If the user does not choose to provide these percentages, MOBILE6 uses the following default values.

While areas should use local data to estimate the VMT on each classification, given that most areas do not collect specific estimates of VMT on freeway ramps, a default percentage of 8 percent of freeway VMT on ramps (3 percent/34 percent) is generally recommended for use by EPA. This percentage, however, is a national average, and rural areas may have a lower percentage of VMT on freeway ramps due to the limited number of interchanges and large distances between interchanges in comparison to more urban areas. As a result, it may be useful for an area to consider a local study to estimate the freeway ramp percentage. This approach is described below.

Addressing Percent VMT on Freeway Ramps

Method: Use Local Data on Percent of Freeway Traffic on Ramps

Scale of 1-5(lowest to highest) - Availability of Data:3 ; Ease of Application:5 ; Technical Robustness:5 ; Policy Sensitivity:2

Description
This methodology involves collecting data on route mileage of ramps and vehicle travel on ramps from local traffic counts in order to develop a better estimate of the percent of freeway VMT on ramps.
Method Applicability
This method is most applicable in an area where there is reason to believe that the percent of freeway VMT on ramps is significantly different from the MOBILE6 default. This is most likely to be the case in rural areas with few interchanges.
Data Sources and Procedures
This approach involves collecting data on ramp traffic from a ramp count survey and collecting detailed data on the route mileage of ramps compared to the highway itself. This estimated percentage of the area's interstate/freeway VMT that occurs on freeway ramps is then used to estimate total VMT on freeway ramps. An emissions factor for the freeway ramps is then developed and applied to the VMT to estimate emissions on freeway ramps.
Advantages
  • Simplicity of the approach.
  • Uses local data to better characterize travel activity.
  • Requires limited amount of new data collection.
Limitations
  • Requires collection of additional data.
Example Location

This methodology has been applied in rural areas of Kentucky. The Kentucky Transportation Cabinet (KYTC) conducted a rural ramp count survey over a 3-week period, and found that ramp VMT was roughly 1.5 percent of interstate VMT in rural areas. This estimate was significantly below the level assumed in the MOBILE6 default, and had implications on the emissions results since MOBILE6 assumes that average ramp speed is 34.6 miles per hour, which is significantly lower than the average speed on rural highways.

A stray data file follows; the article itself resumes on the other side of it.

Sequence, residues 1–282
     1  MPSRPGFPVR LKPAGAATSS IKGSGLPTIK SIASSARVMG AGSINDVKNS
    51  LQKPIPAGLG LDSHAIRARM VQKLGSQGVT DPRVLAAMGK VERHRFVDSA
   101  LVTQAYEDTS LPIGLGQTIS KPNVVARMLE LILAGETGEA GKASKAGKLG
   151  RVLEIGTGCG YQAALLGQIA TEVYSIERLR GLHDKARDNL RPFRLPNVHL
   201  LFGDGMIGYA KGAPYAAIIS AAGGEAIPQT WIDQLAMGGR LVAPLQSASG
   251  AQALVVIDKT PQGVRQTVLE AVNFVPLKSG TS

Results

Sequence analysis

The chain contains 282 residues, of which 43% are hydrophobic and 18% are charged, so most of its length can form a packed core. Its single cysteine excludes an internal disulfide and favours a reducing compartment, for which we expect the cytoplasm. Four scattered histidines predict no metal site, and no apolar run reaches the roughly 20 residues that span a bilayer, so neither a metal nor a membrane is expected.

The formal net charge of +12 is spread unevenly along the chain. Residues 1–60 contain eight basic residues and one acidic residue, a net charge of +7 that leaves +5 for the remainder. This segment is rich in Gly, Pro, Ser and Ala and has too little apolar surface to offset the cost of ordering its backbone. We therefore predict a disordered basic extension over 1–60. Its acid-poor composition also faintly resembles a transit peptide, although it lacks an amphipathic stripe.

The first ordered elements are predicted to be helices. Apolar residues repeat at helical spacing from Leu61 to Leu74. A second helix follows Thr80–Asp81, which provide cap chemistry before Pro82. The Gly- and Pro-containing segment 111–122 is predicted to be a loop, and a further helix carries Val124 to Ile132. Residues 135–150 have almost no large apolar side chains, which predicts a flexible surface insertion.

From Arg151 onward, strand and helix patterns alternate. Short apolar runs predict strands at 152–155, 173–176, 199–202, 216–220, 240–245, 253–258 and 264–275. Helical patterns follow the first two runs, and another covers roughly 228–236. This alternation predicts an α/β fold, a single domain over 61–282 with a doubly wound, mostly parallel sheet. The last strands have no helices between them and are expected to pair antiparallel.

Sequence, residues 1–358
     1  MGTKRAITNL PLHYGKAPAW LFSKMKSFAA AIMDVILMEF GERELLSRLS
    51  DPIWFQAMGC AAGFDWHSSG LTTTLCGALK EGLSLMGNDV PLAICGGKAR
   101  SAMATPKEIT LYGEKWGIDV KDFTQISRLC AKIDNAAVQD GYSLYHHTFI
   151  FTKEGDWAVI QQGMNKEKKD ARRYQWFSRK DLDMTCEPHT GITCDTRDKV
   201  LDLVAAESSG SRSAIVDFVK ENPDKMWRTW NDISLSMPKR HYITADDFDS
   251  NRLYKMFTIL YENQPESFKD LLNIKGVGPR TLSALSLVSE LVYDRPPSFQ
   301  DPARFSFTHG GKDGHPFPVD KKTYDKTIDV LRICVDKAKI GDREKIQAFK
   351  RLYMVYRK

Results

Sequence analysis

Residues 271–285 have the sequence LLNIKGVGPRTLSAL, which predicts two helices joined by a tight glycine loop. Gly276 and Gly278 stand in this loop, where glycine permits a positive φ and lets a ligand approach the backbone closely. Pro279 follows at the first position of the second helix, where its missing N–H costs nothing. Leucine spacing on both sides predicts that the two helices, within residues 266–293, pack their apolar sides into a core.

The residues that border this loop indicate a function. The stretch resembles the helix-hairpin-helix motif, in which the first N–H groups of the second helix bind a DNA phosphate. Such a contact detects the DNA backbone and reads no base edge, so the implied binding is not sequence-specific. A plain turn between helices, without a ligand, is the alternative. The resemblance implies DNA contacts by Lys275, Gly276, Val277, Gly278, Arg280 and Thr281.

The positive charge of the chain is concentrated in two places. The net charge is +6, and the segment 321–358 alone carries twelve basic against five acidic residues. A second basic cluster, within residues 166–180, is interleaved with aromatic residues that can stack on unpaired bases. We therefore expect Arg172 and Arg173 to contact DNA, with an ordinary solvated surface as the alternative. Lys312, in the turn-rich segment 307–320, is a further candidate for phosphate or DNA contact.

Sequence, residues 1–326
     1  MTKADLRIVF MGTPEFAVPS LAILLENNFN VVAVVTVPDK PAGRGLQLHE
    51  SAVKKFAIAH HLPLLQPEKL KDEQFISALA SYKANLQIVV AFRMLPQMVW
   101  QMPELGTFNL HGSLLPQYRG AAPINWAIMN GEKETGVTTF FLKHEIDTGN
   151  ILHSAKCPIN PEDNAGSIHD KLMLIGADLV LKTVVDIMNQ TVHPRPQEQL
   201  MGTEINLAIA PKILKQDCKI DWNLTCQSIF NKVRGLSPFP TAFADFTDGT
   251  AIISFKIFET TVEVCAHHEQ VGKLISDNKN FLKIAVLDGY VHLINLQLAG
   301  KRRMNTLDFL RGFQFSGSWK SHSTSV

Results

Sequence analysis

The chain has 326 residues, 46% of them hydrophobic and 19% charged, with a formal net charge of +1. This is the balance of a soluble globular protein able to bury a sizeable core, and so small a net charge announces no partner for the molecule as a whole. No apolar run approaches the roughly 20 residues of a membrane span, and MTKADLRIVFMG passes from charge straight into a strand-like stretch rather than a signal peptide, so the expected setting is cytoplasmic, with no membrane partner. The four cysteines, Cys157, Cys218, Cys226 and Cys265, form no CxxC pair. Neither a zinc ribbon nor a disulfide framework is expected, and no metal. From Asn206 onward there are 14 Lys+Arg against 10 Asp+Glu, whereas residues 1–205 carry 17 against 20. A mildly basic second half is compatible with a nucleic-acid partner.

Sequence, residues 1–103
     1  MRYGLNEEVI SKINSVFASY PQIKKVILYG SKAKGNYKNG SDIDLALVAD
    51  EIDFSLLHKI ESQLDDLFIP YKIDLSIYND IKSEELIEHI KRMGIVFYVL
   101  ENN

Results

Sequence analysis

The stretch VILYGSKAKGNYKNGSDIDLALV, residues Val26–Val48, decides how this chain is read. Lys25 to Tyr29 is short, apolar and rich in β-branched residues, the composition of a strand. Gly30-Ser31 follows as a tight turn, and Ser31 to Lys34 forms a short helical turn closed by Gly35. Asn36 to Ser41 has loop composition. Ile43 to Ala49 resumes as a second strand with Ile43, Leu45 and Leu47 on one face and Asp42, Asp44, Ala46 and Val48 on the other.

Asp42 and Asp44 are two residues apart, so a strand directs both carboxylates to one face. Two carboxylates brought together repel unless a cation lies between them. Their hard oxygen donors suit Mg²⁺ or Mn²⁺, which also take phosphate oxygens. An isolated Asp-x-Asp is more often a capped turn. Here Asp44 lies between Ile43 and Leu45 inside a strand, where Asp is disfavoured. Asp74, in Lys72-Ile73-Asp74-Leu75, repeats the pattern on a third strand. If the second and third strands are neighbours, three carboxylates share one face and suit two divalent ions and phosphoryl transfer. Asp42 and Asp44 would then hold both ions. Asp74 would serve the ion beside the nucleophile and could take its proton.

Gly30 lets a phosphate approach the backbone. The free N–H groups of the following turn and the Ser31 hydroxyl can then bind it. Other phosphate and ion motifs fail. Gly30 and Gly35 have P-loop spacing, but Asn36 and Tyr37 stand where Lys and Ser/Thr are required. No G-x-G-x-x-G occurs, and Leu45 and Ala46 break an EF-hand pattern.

Reference: Phone conversation with Jesse Mayes and Barry House, Kentucky Transportation Cabinet, Jesse.Mayes@ky.gov, February 20, 2004.

4.5 I/M Participation

Many areas have implemented inspection and maintenance (I/M) programs to reduce mobile source emissions. Many of the choices for these I/M program specifications are at the discretion of the local agency depending upon the severity of the air pollution problem and the air pollutant of concern. The types of vehicles in the program as well as the types of I/M program may have significant impacts on the estimated emission rates. For example, areas that have employed the most stringent level of I/M program (IM240) have found on-road emission reductions for CO of 45%, hydrocarbon (HC) as large as 35%, and up to 12% for NOx relative to conditions without the I/M program.[16]For the more minimal I/M programs (biennial emission idle test), reduction benefits are estimated at 19% for CO, 17% for HC, and 0.5% for NOx. Thus, the choice of program may have potentially significant changes in emission totals.

MOBILE6 is capable of modeling the impact of up to seven different exhaust and evaporative emission I/M programs on emission factors. By defining multiple I/M emission reduction programs, the user can model different requirements on different types and ages of vehicles or different requirements in different calendar years. MOBILE6 also allows users to enter a number of I/M program parameters to better model specific I/M program features. These parameters include:

In addition, the mere presence of an I/M program is expected to act as a deterrent to tampering. Thus, in areas with an I/M program, MOBILE6 will reduce the tampering rates even if there is no anti-tampering program. All 1996 and newer model year vehicles are assumed to have negligible tampering effects in MOBILE6. As a result, there is no tampering reduction benefit associated with the 1996 and newer vehicles.